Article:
I've lived plenty of places other than Alaska in my short life, but nowhere have I had so many visitors. During summer, my calendar fills up fast with houseguests and people to show around. I understand, and I enjoy it. If I lived somewhere else, I would want to visit Alaska too. I love sharing this incredible place with family and friends.
All visitors to Alaska want to experience the outdoors in some way, and boy have I offered the spectrum of experiences. Like all things in life, I've learned my fair share of lessons along the way.
My bar is set higher
Sometimes I have to remind myself to gawk at the stunning scenery that's seemingly everywhere. This is incredible, I sternly tell myself. Few people can see such beauty out their window.
But even though I try to keep my sense of awe, it does take more to impress me these days. Terrible, I know. The fact is that if I can go for a mountain bike ride right outside my backdoor, I get kind of tired of that same ride. I want to go farther into the woods, explore from another trailhead, try another bike.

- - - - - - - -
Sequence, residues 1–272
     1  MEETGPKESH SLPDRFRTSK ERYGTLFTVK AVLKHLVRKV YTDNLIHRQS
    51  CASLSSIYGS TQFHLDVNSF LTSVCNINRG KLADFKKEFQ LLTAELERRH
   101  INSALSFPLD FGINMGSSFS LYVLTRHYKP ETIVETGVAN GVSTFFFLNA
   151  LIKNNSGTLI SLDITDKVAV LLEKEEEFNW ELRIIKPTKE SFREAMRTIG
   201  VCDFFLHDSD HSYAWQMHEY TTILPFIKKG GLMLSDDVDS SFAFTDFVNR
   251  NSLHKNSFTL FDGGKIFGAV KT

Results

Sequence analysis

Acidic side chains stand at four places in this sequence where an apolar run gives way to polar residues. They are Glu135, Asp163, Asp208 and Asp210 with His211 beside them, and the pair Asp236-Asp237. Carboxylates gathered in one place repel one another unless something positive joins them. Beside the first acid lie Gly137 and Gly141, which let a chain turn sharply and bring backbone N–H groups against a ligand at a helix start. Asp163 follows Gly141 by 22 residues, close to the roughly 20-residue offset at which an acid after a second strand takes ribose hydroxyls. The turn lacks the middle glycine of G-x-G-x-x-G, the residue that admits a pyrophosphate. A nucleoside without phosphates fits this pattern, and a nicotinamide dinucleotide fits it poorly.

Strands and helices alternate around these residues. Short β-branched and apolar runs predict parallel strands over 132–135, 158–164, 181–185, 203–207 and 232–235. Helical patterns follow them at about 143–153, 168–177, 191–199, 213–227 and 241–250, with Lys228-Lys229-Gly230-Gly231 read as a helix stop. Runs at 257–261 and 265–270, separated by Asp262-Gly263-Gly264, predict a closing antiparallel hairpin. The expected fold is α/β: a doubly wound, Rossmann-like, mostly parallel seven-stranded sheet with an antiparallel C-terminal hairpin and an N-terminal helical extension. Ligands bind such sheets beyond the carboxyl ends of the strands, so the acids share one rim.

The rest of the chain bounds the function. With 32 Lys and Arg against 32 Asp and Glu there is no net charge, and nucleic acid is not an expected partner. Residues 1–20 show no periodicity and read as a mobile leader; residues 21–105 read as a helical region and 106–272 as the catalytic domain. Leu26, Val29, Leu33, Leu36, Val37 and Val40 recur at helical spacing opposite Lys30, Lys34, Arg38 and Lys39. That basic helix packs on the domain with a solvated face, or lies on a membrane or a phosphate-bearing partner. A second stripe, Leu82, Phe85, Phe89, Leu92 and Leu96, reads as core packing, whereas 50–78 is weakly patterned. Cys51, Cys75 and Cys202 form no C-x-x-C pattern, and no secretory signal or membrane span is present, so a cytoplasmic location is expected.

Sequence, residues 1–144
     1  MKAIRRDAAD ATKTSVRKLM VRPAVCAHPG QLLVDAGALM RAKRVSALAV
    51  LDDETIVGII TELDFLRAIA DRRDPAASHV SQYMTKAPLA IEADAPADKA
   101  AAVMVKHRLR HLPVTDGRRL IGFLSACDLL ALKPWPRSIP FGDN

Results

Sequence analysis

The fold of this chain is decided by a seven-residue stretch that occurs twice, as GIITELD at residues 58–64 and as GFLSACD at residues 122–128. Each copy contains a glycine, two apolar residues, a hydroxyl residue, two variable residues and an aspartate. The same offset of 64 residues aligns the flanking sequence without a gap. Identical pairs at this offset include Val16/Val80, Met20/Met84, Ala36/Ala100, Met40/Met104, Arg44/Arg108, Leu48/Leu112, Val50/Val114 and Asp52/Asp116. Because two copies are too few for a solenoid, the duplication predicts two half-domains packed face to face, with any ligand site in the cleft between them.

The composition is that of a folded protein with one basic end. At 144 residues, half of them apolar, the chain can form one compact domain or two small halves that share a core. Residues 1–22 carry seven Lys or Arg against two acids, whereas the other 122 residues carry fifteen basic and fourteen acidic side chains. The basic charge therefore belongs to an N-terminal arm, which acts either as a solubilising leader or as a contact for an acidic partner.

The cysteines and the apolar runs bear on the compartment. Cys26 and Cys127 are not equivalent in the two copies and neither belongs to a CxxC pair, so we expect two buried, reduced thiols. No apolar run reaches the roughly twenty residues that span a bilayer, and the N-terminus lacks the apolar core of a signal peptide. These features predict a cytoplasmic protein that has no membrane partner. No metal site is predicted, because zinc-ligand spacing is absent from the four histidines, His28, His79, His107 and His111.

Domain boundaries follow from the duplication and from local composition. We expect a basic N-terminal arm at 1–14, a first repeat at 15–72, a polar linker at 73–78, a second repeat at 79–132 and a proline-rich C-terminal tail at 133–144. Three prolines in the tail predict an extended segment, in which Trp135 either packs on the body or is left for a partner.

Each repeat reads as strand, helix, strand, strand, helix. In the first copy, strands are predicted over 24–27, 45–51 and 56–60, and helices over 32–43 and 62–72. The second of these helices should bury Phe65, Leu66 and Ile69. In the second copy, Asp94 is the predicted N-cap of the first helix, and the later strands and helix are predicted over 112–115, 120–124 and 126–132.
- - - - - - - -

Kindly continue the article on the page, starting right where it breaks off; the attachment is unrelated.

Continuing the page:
Seeing a glacier on the daily commute is fine, but it's even better when I can get right up close.
See? Who even says that? When it comes to appreciating the outdoors, Alaska standards are absurd.
On the other hand, the Seward Highway drive is reliably jaw-dropping for any visitor. Add a quick hike from McHugh or up even part of Bird Ridge, and the awe factor quickly multiplies.
Seward Highway hard to beat
I remind myself of this when visitors rely on me to plan what we'll do. I've been guilty more than once of running my dear friends and family ragged. I'm not actually all that hardcore, but the opportunities up here are so plentiful, I always want to show my guests something special.
But incredibly, it's only when people from Outside arrive that I realize how much Alaska's glory has already dulled.
What it takes to inspire me is a pretty high bar. Never doubt the ability of the Seward Highway to inspire and delight from the car window or the McHugh pullout.
But don't forget that visitors will always forget something, including what seems obvious and commonplace to Alaskans — like rain gear. Be ready to share rain boots, sneakers, sleeping pads, etc.
Where to go? At Alyeska Ski Resort, there's the old hike up/tram down trick. Never fails to impress.
Remember, too, that nearby Byron Glacier can be viewed via the world's quickest, flattest hike. That's something old Aunt Sally and other relatives can walk to. For them, I can let go of the lack of adventure — but retain my sense of pride over how much beauty is close at hand.
Alli Harvey lives in Palmer and plays throughout Southcentral Alaska.